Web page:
Metallization of engineering plastics

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Metallization of engineering plastics


Author: Ng, Ching-shan
Title: Metallization of engineering plastics
Degree: M.Phil.
Year: 2009
Subject: Hong Kong Polytechnic University -- Dissertations
Thermoplastics -- Surfaces.
Surface preparation.
Department: Dept. of Applied Physics
Pages: xiii, 113 p. : ill. ; 30 cm.
InnoPac Record:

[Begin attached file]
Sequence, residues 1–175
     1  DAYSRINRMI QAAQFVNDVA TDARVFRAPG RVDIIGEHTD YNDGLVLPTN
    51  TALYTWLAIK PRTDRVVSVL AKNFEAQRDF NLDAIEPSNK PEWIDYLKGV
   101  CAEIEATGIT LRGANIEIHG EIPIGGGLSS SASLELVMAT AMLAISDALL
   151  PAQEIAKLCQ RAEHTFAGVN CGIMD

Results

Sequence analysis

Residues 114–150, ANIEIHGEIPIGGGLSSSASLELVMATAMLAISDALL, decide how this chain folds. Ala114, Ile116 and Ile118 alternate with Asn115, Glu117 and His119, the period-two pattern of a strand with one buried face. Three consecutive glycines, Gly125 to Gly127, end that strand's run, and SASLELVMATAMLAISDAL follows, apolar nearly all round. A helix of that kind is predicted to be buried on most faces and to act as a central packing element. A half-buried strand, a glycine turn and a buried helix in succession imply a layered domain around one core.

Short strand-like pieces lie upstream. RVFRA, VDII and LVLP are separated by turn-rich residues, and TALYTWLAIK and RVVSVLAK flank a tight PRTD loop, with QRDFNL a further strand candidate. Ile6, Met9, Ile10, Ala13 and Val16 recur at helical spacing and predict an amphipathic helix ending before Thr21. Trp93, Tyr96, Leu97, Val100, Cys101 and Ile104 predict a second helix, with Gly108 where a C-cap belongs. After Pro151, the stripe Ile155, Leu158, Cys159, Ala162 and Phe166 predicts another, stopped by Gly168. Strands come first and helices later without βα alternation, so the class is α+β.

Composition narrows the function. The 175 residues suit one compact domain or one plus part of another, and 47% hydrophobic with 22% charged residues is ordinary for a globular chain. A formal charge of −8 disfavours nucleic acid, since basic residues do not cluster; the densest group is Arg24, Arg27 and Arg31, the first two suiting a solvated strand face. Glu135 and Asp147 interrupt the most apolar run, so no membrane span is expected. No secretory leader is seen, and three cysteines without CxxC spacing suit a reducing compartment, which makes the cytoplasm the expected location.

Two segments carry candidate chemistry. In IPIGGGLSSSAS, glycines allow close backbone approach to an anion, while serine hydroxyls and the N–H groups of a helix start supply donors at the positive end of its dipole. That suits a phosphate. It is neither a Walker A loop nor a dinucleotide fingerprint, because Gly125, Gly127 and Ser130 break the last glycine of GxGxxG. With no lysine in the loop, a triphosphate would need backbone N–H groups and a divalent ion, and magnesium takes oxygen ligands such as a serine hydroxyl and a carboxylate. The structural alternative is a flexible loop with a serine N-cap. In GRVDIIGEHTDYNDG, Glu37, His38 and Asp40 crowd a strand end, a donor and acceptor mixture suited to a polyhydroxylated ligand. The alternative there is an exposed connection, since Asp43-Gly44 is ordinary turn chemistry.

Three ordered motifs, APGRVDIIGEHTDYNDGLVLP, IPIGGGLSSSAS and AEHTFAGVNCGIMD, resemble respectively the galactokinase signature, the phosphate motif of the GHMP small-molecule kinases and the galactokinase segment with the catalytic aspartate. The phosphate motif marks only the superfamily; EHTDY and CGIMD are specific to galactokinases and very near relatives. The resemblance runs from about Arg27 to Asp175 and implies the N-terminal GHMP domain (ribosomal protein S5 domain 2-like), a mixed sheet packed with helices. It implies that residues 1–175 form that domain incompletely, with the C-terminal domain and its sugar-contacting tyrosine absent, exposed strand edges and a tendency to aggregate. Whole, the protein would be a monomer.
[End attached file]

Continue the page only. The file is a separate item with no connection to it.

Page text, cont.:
Abstract: A material which has metallic like surface but in light weight is selected for different industrials, such as headlamp, crumple zone as well as hood in motor industry and rear mirror in optical application. Plastics are common materials for those applications because of their advantages, including light weight, low cost, ease of forming and corrosion resistance. Plastics are metallized as the presence of a functionalized surface (with carboxylate, -COO⁻ , group) and a certain degree of roughness. Different approaches, such as chemical and physical, have been studied to obtain these features. For industrial production, chemical approaches have been preferable used without limitation of size and shape. Chromium trioxide/sulphuric acid, H₂Cr₂O₇, is traditionally used as etching bath for acrylonitrile butadiene styrene (ABS). Due to the environmental concern and the increase demand of plastics other than ABS, other chemical approaches (e.g. alkali etching) instead of H₂Cr₂O₇ etching bath have been studied to modify a variety of engineering plastics, including polypropylene (PP), polycarbonate (PC) and 38% mineral filled poly(butylene) terephthalate-poly(ethylene) terephthalate (38% mineral filled PBT/PET) blend instead of ABS. Surface modification of the plastics was carried out by using varies solvents, such as sodium hydroxide, chloroform and polyethylene glycol. The surface modified plastics were activated by using Pd/Sn²⁺ colloidal activating bath and subsequent electroless Ni plating, and then followed by Cu-deposition through electroplating technique. By alkali etching, rough surfaces with carboxylate functional group were obtained. The correlation between the etching rate and the surface morphologies was investigated. Surface composition after etching, Ni coating and Cu coating were analyzed by Fourier transform infrared spectroscopy and X-ray diffraction. The roughness and the cross-section morphologies of the samples before as well as after etching, Ni coating and Cu coating were characterized by surface profile analysis, atomic force microscopy and scanning electron microscopy respectively. Using contact angle measurements, the effects of the etching time on the hydrophilic character of the plastics surface were assessed. Adhesion of the Cu layer, evaluated by the Scotch tape test, was found to be depended on the surface roughness and the palladium concentration of the activating bath. On the basis of our experimental results, we demonstrated that engineering plastics with ester functional groups can be etched by using alkali. As a result, carboxylate groups are procured to facilitate the formation of complex with Pd/Sn²⁺ colloidal in the activating bath. Besides a functional surface, a rough surface (10-20 μm) is also obtained by filling some insoluble salts into the plastics blends, so that the insoluble salts can react with alkali to produce pitting sites. It is important to control the surface roughness, because it directly affects the appearance of finished product and the adhesion between Cu coatings and the substrates. Generally, a plastic surface with optimal roughness and carboxylate groups promotes metallization.

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